Hancock & South Hancock – November 4, 2017
We jumped into the Subaru (of course it’s a Subaru, Ethan only owns Subarus) and took off from home around 0545, arriving at the Hancock Notch trailhead just before 0700. We were all a little punchy this morning and there was plenty of banter on the way up. Claudette arrive shortly after Ethan, Summerset, and I did, and we prepped to head to the trail, which is across the road from the parking area. Here’s the thing about crossing the road here, though; the Kanc is a beautiful, fun road for “spirited driving” and people often go way too fast on it, this section in particular since the crossing spot is dead center on a hairpin turn that folks with more cojones than cranium tend to zip around at less than safe speeds.
Thankfully, the crossing was uneventful presumably because at seven in the morning the drifters are still asleep.
We crossed the road, hit the Hancock Notch Trail and it wasn’t long before we started seeing the effects of the October 30th storm. There was a noticeable degree of erosion on the trail as well some fallen trees. Ethan and I had discussed bringing a saw with us, as “many hands make light work” and we wanted to do our part to help out. It’s a very good thing we did.
We were able to clear most of the fallen trees off the trail but did leave one particularly tough one behind because we were a bit dubious about our prospects of clearing it with the small $20 saw Ethan had bought.
Then came the bog bridge at the first stream crossing. Wow. The small stream would ordinarily be almost jumpable, but the flood waters had obviously rolled through with such force that it relocated the bog bridge downstream several yards. Ethan and I decided to try to get it back into place. The bridge itself was around 6-7′ long, with ties at either end, and we had a heck of a time getting hand-holds on it, but eventually, we managed to wrestle it back into place. We’re not particularly small nor weak, but it took a lot out of us with each of us essentially deadlifting one end of the 4-500lb (estimated) bridge to move it back into place. Footing was a challenge, but in the end, we got it back to where it should be.
The hike continued and we both commented on how nice it felt to help make the trail more passable for others, especially since we’ve benefitted from the trail crews’ hard work so much. We did, however, notice that our energy levels were a tad lower than normal as we continued to climb. We’re used to our legs bearing the bulk of the labor, so the extra exertion meant we were burning more energy than we normally would have.
We continued to clear brush and trees on the way up, and at some point, shortly before the peak, we both realized that we should be replacing some of these calories, so we stopped for a quick snack, then continued up toward the summit of Mt. Hancock. We reached the top and took in the view while discussing the events thus far and wondering what lay before us as we began our move across the ridge to South Hancock.
We really didn’t imagine the extent of storm damage that we found on the ridge. The storm’s full fury apparently hit the ridgeline hard, with dozens of trees fallen across the trail. We cleaned up as much of it as we could, the bulk of it, in fact. Ethan nicknamed me “Power Saw” for the day because I tore through the trees and branches so quickly. Maybe I missed my calling as a lumberjack? There were a few trees so large that the 12″ saw wasn’t practical, if in fact, even possible to cut through them. We largely limbed these off so folks could climb over/under them. There was one blockage so large that really all we could do was clear a bushwack around to the right of it. The thing we tried to keep in mind was that in just a few weeks there will potentially be several feet of snow on the trails, so part of taking that into account was clearing higher up than we had to for our immediate passage.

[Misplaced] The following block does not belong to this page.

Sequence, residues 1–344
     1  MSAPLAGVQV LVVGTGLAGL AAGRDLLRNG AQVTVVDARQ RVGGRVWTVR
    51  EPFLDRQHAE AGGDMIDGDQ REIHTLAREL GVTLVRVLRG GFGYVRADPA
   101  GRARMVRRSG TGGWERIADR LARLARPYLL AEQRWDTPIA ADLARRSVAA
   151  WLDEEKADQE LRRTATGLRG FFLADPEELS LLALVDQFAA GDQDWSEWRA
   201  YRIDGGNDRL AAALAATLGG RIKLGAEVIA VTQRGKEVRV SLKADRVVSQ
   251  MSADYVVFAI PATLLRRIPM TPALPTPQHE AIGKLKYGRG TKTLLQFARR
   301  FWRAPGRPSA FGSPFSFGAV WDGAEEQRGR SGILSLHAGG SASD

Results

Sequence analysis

We realized we’d been on the trails for nearly 5 hours when we got to the summit of South Hancock, so we decided over a brief lunch that we would only do the minimum possible amount of trail work on the way down and set off.
It turns out that the worst of the damage was on the ridge, so our decent was largely unhindered. We started pouring on the speed, which was possible thanks to the fact that the ground had frozen down the steep slide, but there was no ice on the rocks. This allowed us much better traction than normal for this section of the trail and we were able to cover a lot of ground in short order.
We got down without much incident, except that I finally lost my footing on one of the stream crossings and got my left foot soaked to the ankle. Thanks to the magic of wool, I only had a cold foot for a few minutes, and then was back to normal shortly thereafter. We kept up the quick pace and made it back to the parking lot in 6:59, which was only 45 minutes over book time; not bad for doing 2 hours or so of trail work!
We only realized once in the car that the big blowdown we had left at the start of the hike had been nowhere to be seen when we left. We chalk that up to a gentleman we saw hiking in with a carpentry saw while we were hiking out. Hats off to you, sir!
I’m not sure what the next peak I seek will be, but I’ll be writing about the experience here!